There are women's conferences that literally give out tiaras and do "pampering" with makeup etc. People of this persuasion also lead outreaches into schools where "makeovers" is part of the package. The idea promoted is that we are "princesses"... ie daughters of the King... and should behave like it.

And of course this is true... but I have some reservations about this approach. Is this the best way to promote a "Kingdom not of this world?"

I don't wish to condemn this outright... it's a well intended endeavour. I'm just not sure about it. Paul's advice on focusing on a gentle spirit not outward adorning might sound a bit archaic, but it's got something going for it. There's something so wonderful about meeting people who are truly beautiful on the inside... who carry the loving aroma of Christ with them.
Anonymous said…
This is an interesting topic. I've been told that I'm what's considered good looking. For most of my life, at least until I found Christ, I would do the best I could to not look like a woman.

Dealing with jealousy from other women or running from men who proposition used to make me want to be invisible.

Part of finding my freedom in Christ has taught me to enjoy the beauty we have as women of God. Both inside and out. I read a really good book called,
"Captivating, Unveiling The Beauty of A Womans Soul" by John & Stasi Eldredge. This helped me to understand what it means to be the crown of creation and how the world tries to tear that down.

This last summer I started wearing dresses more. Went out with our ladies group to a nice fine dining and play. You must picture this because I'm a football and sweats kind of girl. After leaving the restroom and walking through this elegant hall, 2 times, this sweet little old lady taps me on the shoulder. "Oh, dear?" she says. I turn to look at her as she reaches behind me "Your dress is caught in your underwear", and pulls my dress out for me. As I look up this man is starring at me and just started laughing his butt off.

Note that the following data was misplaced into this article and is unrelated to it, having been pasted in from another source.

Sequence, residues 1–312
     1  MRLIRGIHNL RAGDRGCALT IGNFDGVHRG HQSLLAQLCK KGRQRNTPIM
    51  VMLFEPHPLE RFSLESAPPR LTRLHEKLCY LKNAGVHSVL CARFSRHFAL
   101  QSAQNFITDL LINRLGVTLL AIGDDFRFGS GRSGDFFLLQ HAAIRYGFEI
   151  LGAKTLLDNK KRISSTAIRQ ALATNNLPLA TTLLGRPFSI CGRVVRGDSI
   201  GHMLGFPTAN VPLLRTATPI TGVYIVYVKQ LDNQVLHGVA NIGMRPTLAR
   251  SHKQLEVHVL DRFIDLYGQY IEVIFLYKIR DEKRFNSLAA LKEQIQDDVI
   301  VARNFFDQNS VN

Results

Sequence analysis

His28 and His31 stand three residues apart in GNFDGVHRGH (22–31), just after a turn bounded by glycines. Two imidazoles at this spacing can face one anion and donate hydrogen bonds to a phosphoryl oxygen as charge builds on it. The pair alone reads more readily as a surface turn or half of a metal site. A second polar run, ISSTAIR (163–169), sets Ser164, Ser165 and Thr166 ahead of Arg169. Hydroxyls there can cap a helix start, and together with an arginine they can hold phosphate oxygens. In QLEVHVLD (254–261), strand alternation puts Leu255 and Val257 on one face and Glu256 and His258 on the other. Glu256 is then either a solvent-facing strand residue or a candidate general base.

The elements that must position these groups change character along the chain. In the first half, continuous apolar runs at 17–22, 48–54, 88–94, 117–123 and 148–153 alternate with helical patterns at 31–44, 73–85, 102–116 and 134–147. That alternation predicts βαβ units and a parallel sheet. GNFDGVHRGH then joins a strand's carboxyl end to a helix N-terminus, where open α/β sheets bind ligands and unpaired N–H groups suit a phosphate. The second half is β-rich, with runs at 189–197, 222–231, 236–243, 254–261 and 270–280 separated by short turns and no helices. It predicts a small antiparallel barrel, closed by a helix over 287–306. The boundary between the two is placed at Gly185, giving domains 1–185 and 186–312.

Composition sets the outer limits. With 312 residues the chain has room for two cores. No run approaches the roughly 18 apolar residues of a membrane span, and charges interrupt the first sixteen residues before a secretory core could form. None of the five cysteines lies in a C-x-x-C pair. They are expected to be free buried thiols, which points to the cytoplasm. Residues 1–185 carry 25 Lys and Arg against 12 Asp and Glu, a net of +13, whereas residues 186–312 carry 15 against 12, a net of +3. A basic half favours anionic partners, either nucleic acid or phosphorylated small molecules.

Not only did I realize that God has an odd sense of humor, but some day we will all be naked so who cares?
Janet Woodlock said…
Welcome and thanks for your comments anonymous! Good to see you maintain a sense of humour in the midst of wardrobe misadventures. I've heard "Captivating" is an interesting read... I might try to get my hands on it!

The way we look can be a "no win" situation can't it? If we look too attractive we can get irritating levels of attention from males (especially if we're single) who... well... aren't exactly interested in our fine minds. On the other hand, seeing oneself as physically unattractive does nothing much for self-esteem / self-confidence.

I try to adopt a "middle ground" on these fuzzy kinds of issues... it seems appropriate to dress with colours and styles of attire that are flattering and suit the setting... attractive but not sexy/tarty, modest but not so unfashionably floppy one gives the impression of hating your body or extreme self-consciousness or being a total nerd.

For me at least, choosing clothes that suit a setting means I can then forget about them entirely and focus on others (I once went to a cocktail party where I dressed "after 5" in a setting where everyone else was dressed fairly casually... uggh, cringe... hard not to feel self-conscious!)

Of course, we then throw in the huge variable of personal style, which why we can't talk about "rules" for dress... just personal thoughts.